is slated to issue $4 billion to $5 billion worth of bonds via a private placement this week, as the nation's third-largest wireless carrier prepares to invest heavily in network upgrades.
The company, which
spin off as an independent company in mid-2001, will sell 10-year notes yielding 3.125 percentage points more than similar maturity U.S. Treasuries, five-year notes with a 0.35 percentage point smaller yield premium and 30-year bonds with a 0.3 to 0.35 percent larger yield premium, according to a report from
"They're setting up their own capital structure," says Greg Gorbatenko, an analyst with
Loop Capital Markets
, of the bond issue. (He rates AT&T Wireless an attractive, and his firm has participated in underwriting for the company.)
He also points out that the company carries very little debt, and that another $4 billion to $5 billion is "not going to rock the boat." As a result, he predicts the bonds will find ready buyers, despite
investor wariness over telecom carriers. There are
fears that carriers will have to take on extraordinary amounts of debt to buy spectrum and upgrade their networks in order to provide high-speed data services, especially in Europe. Thus, there's been a distinct lack of enthusiasm for upcoming wireless investment opportunities, including the expected initial public offerings of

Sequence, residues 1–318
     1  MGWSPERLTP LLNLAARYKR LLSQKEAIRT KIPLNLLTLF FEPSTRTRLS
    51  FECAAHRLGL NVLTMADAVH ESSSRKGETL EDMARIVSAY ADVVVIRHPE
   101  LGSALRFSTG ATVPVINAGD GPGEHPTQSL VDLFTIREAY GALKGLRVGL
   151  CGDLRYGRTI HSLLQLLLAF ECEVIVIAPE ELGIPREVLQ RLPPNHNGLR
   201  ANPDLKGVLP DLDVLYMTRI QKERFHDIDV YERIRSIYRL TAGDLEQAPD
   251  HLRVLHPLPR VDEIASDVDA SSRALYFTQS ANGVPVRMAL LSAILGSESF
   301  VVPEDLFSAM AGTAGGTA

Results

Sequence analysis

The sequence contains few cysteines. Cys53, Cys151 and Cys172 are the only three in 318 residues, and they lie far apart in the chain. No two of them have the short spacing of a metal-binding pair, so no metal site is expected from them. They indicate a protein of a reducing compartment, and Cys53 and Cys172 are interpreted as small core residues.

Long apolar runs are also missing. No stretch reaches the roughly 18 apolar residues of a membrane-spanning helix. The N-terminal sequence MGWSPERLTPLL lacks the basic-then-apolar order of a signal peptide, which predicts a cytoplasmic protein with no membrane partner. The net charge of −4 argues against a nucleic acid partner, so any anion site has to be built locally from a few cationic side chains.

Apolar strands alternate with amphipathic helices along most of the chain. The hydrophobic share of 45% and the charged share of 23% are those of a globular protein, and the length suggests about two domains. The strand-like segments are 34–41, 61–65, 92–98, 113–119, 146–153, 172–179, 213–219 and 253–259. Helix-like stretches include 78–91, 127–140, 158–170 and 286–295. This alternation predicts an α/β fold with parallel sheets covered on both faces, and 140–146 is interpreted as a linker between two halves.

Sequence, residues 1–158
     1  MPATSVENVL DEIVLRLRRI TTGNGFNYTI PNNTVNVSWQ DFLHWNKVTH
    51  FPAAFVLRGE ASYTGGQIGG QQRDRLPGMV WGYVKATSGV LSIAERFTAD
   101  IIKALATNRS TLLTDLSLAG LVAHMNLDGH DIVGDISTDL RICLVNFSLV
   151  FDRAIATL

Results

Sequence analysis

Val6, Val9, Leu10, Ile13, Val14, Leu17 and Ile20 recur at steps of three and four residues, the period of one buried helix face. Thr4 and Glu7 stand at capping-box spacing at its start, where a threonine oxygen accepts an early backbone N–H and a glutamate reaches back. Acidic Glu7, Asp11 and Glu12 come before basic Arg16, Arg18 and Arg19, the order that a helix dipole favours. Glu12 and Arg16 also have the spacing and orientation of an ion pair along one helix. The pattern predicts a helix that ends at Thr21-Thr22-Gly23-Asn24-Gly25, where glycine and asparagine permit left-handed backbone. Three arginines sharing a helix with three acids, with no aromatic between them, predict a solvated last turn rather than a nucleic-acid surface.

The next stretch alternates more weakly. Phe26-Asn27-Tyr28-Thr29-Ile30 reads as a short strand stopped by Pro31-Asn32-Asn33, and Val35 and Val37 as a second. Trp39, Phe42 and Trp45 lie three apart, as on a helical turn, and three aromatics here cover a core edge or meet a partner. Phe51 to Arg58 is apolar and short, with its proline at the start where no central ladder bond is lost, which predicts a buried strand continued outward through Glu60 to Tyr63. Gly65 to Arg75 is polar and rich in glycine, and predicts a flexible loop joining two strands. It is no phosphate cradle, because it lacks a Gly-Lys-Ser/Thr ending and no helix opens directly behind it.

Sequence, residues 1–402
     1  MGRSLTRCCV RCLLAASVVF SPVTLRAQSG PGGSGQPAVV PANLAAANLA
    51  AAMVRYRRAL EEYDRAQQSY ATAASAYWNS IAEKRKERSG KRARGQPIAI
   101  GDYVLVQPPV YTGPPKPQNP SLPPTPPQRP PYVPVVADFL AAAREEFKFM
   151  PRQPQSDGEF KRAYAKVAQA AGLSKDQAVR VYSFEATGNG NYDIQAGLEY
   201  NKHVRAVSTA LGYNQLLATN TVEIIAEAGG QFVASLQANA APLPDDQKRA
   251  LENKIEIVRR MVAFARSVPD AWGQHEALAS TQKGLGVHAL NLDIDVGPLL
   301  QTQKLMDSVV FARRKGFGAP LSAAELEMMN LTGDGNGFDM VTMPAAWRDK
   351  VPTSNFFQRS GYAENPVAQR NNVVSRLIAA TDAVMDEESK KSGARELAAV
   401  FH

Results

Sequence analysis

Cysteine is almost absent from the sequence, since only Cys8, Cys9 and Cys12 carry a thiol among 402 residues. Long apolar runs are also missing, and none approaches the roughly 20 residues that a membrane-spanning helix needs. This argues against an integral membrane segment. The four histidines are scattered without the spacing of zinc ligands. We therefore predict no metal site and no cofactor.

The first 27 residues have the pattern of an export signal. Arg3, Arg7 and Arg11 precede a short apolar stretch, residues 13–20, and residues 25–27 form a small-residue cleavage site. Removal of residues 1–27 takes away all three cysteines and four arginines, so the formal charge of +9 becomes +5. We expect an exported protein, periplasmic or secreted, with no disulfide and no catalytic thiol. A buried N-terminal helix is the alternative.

. (Cingular is a joint venture between
and is expected to file for an IPO by the end of March.)
AT&T Wireless can use the money. Though
, Japan's largest wireless carrier,
invested $6.2 billion in the company last November, AT&T Wireless said last month that it will spend $5 billion in fiscal 2001 on an
upgrade to the world's most popular third-generation wireless standard, W-CDMA (wideband code division multiple access). Spending next year could be even higher if AT&T gets aggressive in its upgrades.
Shares of AT&T Wireless closed up 56 cents, or 3%, to $22.18 in regular Tuesday trading.